Column: Analysts are playing with a rare scenario for U.S. corn and soybean acreage

Harvested corn kernels wait to be inspected at Ag Plus Inc, a farmer-owned cooperative, in Woodburn, Indiana, U.S., October 16, 2020. REUTERS/Bing Guan/File Photo

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FORT COLLINS, Colorado, Feb 23 (Reuters) – Corn has always been the staple crop of the United States.

But U.S. farmers have planted more soybeans than corn twice before, and that possibility is looming for 2022 as soybean prices and corn production costs soar.

However, the classic saying that American farmers “love to plant corn” apparently came true last year, as traditional market signals may have pointed to more acres of soybeans than were showing. was actually planted. High corn prices, which are even higher now, were probably too good to ignore and it could still be the case.

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On average, market analysts believe U.S. farmers will plant more corn than soybeans in 2022, but the gap is close. A Reuters poll of 14 analysts this week put corn acres at 91.8 million and beans at 89.2 million, and all but two had more corn acres than beans.

That would be the second-largest soybean acreage after 2017, and corn would be above the five-year average of 90.6 million acres. Estimates suggest record corn and soybean acreage at just under 181 million acres, and 10 of 14 analysts believed the combined acres would top the 2021 high of 180.55 million.

Thirteen analysts see 47.8 million acres of wheat in the United States in 2022, and 11 of the forecasts are higher than last year’s 46.7 million. It’s unclear if analysts have made cuts to other crops to accommodate more corn, soybeans and wheat or if they’re assuming a larger acreage universe.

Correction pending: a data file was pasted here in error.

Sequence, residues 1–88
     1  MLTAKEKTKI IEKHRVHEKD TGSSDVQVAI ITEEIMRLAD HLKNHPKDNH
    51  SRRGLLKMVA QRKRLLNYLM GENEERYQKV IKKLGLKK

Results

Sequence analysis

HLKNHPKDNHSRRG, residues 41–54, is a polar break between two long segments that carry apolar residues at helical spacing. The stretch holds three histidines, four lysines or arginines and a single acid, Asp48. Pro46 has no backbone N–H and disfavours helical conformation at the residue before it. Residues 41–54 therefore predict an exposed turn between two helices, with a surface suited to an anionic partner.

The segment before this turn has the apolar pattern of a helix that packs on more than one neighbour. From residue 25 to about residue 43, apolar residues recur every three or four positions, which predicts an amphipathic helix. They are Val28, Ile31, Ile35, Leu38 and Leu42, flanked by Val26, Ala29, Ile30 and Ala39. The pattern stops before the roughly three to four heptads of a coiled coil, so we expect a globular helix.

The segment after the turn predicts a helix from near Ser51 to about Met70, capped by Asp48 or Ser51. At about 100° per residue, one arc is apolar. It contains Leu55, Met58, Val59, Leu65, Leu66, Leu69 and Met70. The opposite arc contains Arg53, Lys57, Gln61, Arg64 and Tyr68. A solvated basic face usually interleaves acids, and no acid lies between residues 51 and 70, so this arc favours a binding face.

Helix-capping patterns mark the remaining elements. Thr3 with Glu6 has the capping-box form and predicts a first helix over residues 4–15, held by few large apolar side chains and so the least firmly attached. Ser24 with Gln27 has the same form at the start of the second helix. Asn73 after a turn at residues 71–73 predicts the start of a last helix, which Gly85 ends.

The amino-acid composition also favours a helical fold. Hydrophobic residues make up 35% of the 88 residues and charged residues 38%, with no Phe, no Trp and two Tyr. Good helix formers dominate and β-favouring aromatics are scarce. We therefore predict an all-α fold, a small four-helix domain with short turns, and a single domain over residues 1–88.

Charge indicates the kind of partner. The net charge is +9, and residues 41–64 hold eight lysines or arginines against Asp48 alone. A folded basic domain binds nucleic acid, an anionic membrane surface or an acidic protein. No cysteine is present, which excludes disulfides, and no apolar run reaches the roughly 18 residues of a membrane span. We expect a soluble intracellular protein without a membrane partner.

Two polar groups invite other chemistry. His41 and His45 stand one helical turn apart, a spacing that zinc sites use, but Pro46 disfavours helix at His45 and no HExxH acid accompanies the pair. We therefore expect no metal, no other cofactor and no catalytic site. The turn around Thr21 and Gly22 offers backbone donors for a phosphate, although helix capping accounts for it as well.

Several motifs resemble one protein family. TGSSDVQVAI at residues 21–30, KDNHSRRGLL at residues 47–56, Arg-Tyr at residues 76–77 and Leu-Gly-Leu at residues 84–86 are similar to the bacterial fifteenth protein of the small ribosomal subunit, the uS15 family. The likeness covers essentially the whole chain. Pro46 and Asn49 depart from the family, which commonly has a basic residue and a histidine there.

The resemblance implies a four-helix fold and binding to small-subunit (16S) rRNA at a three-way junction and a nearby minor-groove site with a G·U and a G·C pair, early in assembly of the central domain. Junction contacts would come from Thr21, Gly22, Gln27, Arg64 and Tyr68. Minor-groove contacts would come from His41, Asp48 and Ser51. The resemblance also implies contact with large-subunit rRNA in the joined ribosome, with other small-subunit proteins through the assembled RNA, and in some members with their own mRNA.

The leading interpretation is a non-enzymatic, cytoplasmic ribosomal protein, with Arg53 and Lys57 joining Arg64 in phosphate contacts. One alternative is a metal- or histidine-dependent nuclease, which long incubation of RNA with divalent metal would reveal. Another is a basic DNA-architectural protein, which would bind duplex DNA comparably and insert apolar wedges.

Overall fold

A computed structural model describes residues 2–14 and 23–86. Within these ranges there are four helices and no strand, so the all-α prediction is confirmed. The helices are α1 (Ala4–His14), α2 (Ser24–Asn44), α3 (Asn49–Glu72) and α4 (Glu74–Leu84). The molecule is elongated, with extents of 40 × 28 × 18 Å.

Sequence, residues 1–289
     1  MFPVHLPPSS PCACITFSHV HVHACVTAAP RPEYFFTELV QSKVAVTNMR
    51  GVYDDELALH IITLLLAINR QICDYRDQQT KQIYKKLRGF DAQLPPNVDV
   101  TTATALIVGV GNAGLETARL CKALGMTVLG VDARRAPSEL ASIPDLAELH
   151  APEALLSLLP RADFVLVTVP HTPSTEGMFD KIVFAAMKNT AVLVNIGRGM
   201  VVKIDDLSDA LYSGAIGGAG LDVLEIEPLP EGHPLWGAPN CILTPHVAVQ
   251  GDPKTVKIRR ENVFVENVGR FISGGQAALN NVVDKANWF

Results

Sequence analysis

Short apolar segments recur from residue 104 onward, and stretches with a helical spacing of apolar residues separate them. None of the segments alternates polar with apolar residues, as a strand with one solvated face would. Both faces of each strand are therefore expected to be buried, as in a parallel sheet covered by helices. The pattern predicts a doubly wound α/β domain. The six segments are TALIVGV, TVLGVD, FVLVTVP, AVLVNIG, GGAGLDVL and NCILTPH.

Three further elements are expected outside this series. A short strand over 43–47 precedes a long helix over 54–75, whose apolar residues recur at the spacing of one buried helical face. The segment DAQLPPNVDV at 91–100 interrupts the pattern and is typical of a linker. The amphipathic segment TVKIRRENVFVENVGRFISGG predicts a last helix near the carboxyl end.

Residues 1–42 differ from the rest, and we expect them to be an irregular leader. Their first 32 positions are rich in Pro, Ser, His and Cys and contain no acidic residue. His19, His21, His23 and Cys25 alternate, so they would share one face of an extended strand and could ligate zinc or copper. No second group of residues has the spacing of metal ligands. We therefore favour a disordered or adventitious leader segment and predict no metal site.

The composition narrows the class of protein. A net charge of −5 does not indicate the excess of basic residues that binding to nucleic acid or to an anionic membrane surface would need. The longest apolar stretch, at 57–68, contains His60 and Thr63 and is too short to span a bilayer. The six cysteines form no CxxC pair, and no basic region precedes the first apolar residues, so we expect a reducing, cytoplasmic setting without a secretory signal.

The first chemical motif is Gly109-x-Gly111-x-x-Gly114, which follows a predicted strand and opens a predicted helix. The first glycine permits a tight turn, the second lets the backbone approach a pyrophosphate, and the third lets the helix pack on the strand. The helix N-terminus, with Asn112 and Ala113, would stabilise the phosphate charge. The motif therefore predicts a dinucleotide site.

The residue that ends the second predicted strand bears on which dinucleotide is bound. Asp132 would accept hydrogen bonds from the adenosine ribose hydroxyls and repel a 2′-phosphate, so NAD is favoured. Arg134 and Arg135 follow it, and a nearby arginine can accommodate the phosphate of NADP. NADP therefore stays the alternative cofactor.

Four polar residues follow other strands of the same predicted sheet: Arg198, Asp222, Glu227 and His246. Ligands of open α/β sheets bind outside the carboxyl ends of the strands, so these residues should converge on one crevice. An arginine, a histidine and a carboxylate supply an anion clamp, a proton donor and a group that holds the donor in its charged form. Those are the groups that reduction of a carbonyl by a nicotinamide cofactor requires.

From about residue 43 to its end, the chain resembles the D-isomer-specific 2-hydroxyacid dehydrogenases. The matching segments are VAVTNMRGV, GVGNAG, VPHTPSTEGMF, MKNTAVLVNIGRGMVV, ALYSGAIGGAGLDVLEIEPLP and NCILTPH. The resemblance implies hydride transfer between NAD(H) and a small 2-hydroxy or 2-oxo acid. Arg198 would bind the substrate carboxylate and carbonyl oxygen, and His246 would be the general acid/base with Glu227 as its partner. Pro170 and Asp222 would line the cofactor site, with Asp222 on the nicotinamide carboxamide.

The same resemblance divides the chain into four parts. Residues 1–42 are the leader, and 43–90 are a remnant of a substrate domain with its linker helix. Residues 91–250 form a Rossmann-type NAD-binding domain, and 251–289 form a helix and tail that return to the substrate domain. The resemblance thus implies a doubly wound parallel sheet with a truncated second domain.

The U.S. Department of Agriculture feels along the same lines as it projected an increase in acreage in 2022 for the three major U.S. crops in October. This included 92 million acres of corn, 87.5 million soybeans and 49 million wheat.

The USDA will release provisional US balance sheets for 2022-23 on Thursday at 7:00 a.m. EST (12:00 GMT). These will include new acreage estimates derived in a manner similar to those of other analysts, using factors such as the economy. The results of the first US plantation survey will be released on March 31.

SOY’S FIRST VICTORY

Prior to 2017, corn acreage accounted for about 54% of the combined corn and bean total in the United States, which averaged nearly 174 million acres. Falling corn prices and rising Chinese demand for soybeans at the end of 2016 changed the planting potential of the two major US crops.

In 2017, combined corn and soybean acres topped 180 million for the first time as the third crop, wheat, continued to lose ground. Corn acreage narrowly overtook soybeans in 2017, but soybeans took a slight advantage in 2018.

It’s the only time American farmers have planted more soybeans than corn in a natural, market-driven way. Soybean acres beat corn in 1983, but that was because of a government policy to cut corn acres, a decision that backfired due to the historic drought that summer.

The most obvious link between 2017 and 2018 was the high price of Chicago new crop soybean futures versus new crop corn in the months before planting. This new crop ratio, November soybeans to December corn, can often indicate better profitability of soybeans versus corn when the value is around 2.5 or higher.